Like just about everything else, the housing market is subject to the laws of supply and demand. In a “Buyer’s Market” we generally see a lot of homes for sale with an average, or perhaps even low, number of prospective buyers out shopping for a home. A “Seller’s Marketing” is, of course, the opposite: hordes of potential buyers but a low inventory of homes being sold. The situation usually leads to multiple offers and bidding wars, which can be extremely frustrating for potential homebuyers. Here are some tips to increase your chances of winning the bid and getting the home of your choice.
Get Your Ducks in a Row
Be as far along in the mortgage process as you can possibly be before you even begin physically looking for homes. Every situation is different, but the home you love might be currently owned by a very motivated seller who wants to close as soon as possible. Your ability to settle sooner than your competitors may be, in the eyes of that seller, of more benefit than the other offer they received for a couple thousand dollars more money.
Not to oversimplify it too much, but there are generally two sides to the mortgage approval process. The borrower side is all about you: your income, your assets, your credit, your employment history, etc. The collateral side is all about the home you are buying: it’s value and condition, the title history, and so on. Until you have a ratified contract signed by you and a seller, there is no collateral side yet; however, much of the borrower side of the equation can be done ahead of time.
Shock & Awe
This is not the time for a back-and-forth negotiation or “taking the night to think about it.” If the home meets the “smarts” test, meaning it is not way out of your price range, the schools are good, the neighborhood is safe, and so on, and you are feeling the love for the home, then your first offer needs to be your final offer. You have to assume that you will be competing against multiple offers.
Let your competitors be the ones who offer less than full price just because they don’t want to pay full price. Take this as a general statement and not as any specific promise to your situation – getting a seller to agree to sell you a home for $10,000 less will save you somewhere around $60 or perhaps less, depending on where interest rates are, on a 30-year fixed-rate loan payment. As much as anyone, I understand that $60 is $60. But the questions to ask here are these: how bad do you want this home and are you willing to lose it over $60 per month? If the answer is yes, then submit your low offer and hope for the best. But if this is “the home!” for you…shock & awe.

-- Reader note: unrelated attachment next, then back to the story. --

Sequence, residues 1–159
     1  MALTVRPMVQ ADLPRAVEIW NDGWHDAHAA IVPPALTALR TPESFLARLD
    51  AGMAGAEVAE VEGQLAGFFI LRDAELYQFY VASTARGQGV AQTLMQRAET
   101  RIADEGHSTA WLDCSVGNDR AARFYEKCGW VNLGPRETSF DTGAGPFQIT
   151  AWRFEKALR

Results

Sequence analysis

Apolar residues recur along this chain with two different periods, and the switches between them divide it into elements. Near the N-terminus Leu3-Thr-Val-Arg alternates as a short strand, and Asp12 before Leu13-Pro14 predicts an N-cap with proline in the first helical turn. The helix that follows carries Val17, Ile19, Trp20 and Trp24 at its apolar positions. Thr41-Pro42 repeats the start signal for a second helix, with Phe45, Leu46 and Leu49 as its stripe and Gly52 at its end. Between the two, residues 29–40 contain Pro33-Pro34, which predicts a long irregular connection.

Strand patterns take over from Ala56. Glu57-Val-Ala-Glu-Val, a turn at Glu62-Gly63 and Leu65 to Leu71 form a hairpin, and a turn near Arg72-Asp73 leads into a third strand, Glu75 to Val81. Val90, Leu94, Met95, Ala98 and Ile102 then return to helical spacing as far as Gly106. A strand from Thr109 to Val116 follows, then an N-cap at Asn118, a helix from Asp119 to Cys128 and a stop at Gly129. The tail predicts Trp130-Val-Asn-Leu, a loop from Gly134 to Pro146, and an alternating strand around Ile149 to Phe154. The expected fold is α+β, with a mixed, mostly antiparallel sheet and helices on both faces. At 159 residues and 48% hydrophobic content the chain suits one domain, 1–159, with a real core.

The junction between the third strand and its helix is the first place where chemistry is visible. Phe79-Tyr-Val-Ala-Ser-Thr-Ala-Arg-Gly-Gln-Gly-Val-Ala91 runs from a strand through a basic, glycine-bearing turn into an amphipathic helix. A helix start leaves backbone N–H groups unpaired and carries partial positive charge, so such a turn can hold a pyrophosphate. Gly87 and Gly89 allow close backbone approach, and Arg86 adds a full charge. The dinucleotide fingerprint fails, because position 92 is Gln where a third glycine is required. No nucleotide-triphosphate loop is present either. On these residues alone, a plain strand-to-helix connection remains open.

Don’t Wait, Escalate
An Escalation Clause is an optional part of the contract that basically lays your cards on the table and says “I’m willing to offer this much, but if you have better offers, I will increase my price in $_______ increments up to a maximum of $_______.” Escalation clauses can be very popular in a seller’s market so you could even find yourself competing against other escalation clauses. When the clause is activated, the seller does have to have evidence of a competing offer that justifies the escalation.
The Escalation Clause can be a very effective weapon in your bidding war, but you have to be very careful. Most of the time, people searching for a home start off looking for homes that are pretty close to the maximum sales price they can buy while maintaining a comfortable monthly payment. Though you may be able to qualify for more, the payment on “more” may not be as manageable for you and the lifestyle you want to lead. It is pretty easy to get caught up in the emotion of loving the home and the competitive drive to win and lose sight of the fact that you are blowing past your comfort zone. This is not to say that you may love the home so much that you are willing to adjust your lifestyle a bit; however, that should be an intentional, logical decision and not a quick, reactive decision.
A hot seller’s market puts seller’s squarely in the driver’s seat. They simply have much more negotiating power. That may lead some to question whether or not they should even buy in a seller’s market. That is a reasonable question. There are several disadvantages to waiting, though. For example, a seller’s market can last for years and the financial consequences of renting can be considerably less favorable than buying a home for a few thousand dollars more. Also, seller’s markets tend to drive prices up quickly, meaning the home you buy is more likely to appreciate rapidly. That actually means it may be financially beneficial to try to buy a home at the start of a seller’s market. Either way, the decision to purchase a home is usually a very personal one. As always, I am here to help you however I can when you have made that decision.